They’ve won over 40 different awards in various categories, including service provider of the year, fastest growing company, and data centre operations team of the year for both Asia-Pacific and the world!
Ever been inside a data centre? If you said no, don’t feel bad because most people haven’t – and there’s a good reason for that. Data centres, by design, are secure facilities where only those with access are permitted to enter.
NEXTDC data centres have 24/7 onsite security operations who monitor the facility through motion sensitive CCTV cameras, and visitors are required to enter through bullet-proof airlocks that can only be opened by using an encrypted access card that is then reconfirmed with biometric fingerprint readers.
Given the important information that is stored and accessed in a data centre, most are designed with redundancy at the forefront. The most critical area of redundancy is power – because without power, nothing is going to work and customers will go offline.
This is why a lot of money is spent engineering data centres to have fully redundant power systems that include:
Diverse, redundant power feeds from the grid.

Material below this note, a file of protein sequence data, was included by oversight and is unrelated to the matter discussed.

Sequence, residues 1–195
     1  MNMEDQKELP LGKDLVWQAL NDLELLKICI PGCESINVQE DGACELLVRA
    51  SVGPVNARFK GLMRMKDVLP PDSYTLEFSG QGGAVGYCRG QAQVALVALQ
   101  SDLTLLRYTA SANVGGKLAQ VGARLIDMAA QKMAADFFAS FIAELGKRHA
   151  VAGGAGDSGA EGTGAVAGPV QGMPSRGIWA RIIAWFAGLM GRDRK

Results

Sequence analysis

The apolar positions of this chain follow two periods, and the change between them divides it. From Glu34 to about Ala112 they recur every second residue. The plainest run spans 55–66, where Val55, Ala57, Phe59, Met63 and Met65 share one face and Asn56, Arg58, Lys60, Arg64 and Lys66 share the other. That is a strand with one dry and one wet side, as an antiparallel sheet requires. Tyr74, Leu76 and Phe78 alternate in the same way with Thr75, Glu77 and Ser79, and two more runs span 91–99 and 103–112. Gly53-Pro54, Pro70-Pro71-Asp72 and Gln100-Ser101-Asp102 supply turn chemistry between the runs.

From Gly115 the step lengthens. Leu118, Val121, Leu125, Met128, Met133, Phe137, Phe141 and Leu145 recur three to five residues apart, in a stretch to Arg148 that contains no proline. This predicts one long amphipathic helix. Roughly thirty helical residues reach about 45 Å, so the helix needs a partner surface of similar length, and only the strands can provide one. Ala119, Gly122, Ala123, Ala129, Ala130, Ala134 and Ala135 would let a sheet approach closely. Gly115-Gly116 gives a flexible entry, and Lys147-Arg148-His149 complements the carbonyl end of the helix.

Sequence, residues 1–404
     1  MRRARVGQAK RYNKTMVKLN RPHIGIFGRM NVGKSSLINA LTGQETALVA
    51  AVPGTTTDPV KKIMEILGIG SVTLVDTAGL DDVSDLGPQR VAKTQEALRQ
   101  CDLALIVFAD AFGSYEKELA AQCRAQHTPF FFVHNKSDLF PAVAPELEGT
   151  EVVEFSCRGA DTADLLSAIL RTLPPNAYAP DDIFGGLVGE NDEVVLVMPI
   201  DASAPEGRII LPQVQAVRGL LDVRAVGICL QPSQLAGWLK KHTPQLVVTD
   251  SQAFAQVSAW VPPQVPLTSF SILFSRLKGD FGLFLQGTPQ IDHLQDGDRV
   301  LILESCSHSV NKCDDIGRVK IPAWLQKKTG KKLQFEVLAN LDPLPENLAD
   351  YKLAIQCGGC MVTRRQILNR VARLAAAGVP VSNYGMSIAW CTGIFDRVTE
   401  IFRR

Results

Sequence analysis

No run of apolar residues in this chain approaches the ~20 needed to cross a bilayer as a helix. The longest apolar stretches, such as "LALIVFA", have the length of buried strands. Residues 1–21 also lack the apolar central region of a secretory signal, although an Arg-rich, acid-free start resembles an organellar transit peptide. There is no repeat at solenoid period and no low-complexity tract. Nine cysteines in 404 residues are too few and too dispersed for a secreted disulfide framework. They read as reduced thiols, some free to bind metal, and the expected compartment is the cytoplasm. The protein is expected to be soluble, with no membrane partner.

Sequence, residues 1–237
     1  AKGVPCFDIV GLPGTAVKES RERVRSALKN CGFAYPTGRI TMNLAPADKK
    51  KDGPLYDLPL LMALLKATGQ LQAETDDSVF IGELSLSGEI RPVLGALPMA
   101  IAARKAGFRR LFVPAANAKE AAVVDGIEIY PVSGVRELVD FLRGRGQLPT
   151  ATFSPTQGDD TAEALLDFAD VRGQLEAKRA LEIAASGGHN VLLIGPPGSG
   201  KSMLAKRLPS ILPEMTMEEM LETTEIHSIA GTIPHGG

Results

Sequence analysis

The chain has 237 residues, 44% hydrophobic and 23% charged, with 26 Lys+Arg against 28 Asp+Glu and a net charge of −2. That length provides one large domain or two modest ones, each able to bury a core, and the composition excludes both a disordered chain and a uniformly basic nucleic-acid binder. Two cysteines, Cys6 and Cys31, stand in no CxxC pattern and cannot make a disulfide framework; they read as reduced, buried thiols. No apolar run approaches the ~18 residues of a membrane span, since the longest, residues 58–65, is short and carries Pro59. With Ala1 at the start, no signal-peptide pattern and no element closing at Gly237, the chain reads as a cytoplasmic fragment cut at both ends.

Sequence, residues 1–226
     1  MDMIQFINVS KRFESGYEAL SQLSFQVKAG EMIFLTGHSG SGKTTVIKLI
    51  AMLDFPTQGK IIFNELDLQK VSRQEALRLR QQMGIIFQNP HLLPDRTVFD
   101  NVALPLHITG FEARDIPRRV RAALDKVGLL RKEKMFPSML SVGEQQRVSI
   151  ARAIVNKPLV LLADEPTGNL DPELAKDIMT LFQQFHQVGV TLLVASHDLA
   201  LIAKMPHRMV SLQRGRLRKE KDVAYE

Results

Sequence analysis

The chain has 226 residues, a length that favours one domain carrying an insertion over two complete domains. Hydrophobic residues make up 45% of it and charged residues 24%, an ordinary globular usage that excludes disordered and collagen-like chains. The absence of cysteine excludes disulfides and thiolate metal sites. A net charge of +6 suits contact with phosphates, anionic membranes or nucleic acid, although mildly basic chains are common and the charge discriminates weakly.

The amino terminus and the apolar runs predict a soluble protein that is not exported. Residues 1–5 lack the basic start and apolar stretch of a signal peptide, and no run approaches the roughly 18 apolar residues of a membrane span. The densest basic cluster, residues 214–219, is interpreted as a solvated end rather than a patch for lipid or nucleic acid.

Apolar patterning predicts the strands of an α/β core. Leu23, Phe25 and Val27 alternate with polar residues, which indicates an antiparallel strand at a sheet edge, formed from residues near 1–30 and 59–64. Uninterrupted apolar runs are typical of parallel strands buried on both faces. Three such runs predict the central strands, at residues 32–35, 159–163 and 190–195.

Diesel-powered generators that produce enough electricity to power the entire facility, with 24 hours of on-site fuel supply.
Banks of batteries that take the load while the generators come online.
And the three other critical elements of a data centre – heat, cooling and fire.
Everybody knows that heat and computer equipment go together like oil and water, which is why every effort is made to keep data centres cool. This usually involves heat containment and extraction systems that help circulate the air and prevent equipment from overheating.
All data centres have special air conditioning units that provide a flow of cool air for equipment to ingest, which helps keep it running at the optimum temperature as well as maintaining and controlling air humidity.